On Nov. 1, English instructor Jessica Chaintreuil left for a four-month maternity leave, leaving English instructors Deborah Banner, Edward Miller, and the newly hired substitute Katherine Friedman to cover her 7th and 10th grade classes until Chaintreuil returns in the spring. Chaintreuil spent the weeks leading up to her departure getting Banner, Miller, and Friedman up to speed with her curriculum. But, just what kind of preparation is needed to teach at Marlborough?
Taking over for a teacher on maternity leave requires considerable preparation. In 2009, English instructor Brett Quimby began his Marlborough career as a maternity leave substitute, teaching four of history instructor Andrea Drobnick’s classes and one of history instructor Helen Mendoza’s classes while both Drobnick and Mendoza were on maternity leave at the same time. He then took over three of former English instructor Amy Walia-Fazio’s English classes.
Because he was subbing for three teachers on maternity leave, Quimby was able to prepare by meeting with them to understand how they designed and structured their classes. Before Mendoza, Drobnick, and Walia-Fazio left, Quimby sat in on many of their classes in order to familiarize himself with the class dynamics and learn new approaches to teaching certain topics.
“I think that one of the things that is really great about teaching at Marlborough is how supportive teachers are of each other, and how collaborative we are in teaching,” Quimby said.
At Marlborough this year, Quimby is teaching English IV Honors: Modernism. His interest in the subject matter of the course comes from work he did as an undergraduate, and the design of the Modernism curriculum was strongly influenced by his graduate studies for a Masters in English. For the past three summers, he has attended the six-week summer graduate program at the Bread Loaf School of English, spending two summers in Asheville, North Carolina and one summer in Oxford, England. When planning his Modernism course, Quimby incorporated many of the texts he read, discussed and wrote essays about for his Bread Loaf classes.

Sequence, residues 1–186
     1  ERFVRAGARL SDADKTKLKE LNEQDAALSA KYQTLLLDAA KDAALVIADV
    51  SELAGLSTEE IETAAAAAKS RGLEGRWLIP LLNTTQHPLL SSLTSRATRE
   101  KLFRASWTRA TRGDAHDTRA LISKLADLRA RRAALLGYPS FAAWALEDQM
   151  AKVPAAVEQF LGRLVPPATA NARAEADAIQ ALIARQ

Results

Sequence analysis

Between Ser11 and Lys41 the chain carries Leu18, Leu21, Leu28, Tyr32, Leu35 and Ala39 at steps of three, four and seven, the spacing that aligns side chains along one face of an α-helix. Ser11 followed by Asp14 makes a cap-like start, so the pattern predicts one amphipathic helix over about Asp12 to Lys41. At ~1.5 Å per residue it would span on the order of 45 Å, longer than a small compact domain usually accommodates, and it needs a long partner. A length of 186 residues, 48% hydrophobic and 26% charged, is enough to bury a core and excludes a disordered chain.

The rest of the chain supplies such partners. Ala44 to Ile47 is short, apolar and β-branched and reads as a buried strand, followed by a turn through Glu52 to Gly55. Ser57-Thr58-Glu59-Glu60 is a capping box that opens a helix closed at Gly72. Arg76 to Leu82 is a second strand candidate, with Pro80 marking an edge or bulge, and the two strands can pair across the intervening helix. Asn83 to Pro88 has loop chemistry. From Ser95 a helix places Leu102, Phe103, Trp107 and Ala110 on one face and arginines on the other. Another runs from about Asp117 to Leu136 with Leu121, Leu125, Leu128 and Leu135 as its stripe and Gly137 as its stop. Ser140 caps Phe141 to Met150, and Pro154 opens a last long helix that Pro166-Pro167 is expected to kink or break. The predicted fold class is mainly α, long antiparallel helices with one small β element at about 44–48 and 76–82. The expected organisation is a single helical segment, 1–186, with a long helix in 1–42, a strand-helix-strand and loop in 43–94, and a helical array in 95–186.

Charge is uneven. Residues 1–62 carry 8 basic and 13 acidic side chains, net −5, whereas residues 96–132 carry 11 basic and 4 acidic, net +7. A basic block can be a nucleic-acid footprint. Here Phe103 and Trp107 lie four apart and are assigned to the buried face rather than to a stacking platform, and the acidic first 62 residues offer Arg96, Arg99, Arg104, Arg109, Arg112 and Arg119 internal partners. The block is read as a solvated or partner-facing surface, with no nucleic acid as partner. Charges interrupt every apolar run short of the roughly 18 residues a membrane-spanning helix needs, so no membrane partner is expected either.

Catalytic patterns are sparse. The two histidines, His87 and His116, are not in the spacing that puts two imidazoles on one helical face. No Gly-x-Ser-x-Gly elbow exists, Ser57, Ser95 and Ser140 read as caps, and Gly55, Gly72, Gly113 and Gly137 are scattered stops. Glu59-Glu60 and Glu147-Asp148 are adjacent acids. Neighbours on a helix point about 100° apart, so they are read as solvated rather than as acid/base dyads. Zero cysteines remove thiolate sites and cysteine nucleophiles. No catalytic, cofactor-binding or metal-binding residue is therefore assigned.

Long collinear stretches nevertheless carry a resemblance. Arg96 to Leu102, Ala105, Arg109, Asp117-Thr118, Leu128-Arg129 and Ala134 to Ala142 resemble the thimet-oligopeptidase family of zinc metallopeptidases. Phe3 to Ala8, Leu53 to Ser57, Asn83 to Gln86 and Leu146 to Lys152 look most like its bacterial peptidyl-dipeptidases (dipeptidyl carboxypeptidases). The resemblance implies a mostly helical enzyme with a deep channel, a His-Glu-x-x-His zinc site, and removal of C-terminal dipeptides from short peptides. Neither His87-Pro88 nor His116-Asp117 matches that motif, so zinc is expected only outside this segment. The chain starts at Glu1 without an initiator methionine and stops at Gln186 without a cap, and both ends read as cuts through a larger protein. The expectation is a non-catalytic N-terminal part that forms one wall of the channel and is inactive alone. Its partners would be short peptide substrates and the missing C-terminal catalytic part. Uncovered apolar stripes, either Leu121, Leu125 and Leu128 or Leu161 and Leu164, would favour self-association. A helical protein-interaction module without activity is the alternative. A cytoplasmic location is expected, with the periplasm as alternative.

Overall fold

History and social sciences instructor Michael Rindge, who has taught American Studies and World History, is teaching AP World History at Marlborough for the first time this year. Although he has had some experience teaching regular World History, Rindge said that the AP World History curriculum was daunting, so he borrowed three different textbooks from History and Social Sciences Department Head and Instructor Catherine Atwell. He spent the summer familiarizing himself with new concepts and becoming acquainted with the faster pace of the AP course.
“Although a lot of the preparation is done in the year, I think summer was a great time to get a jump start on that,” Rindge said.
Rindge also models his class after Atwell’s AP World History course, so that their classes stay aligned.
“Teaching new things really keeps you on your toes and keeps you interested in the material,” Rindge said.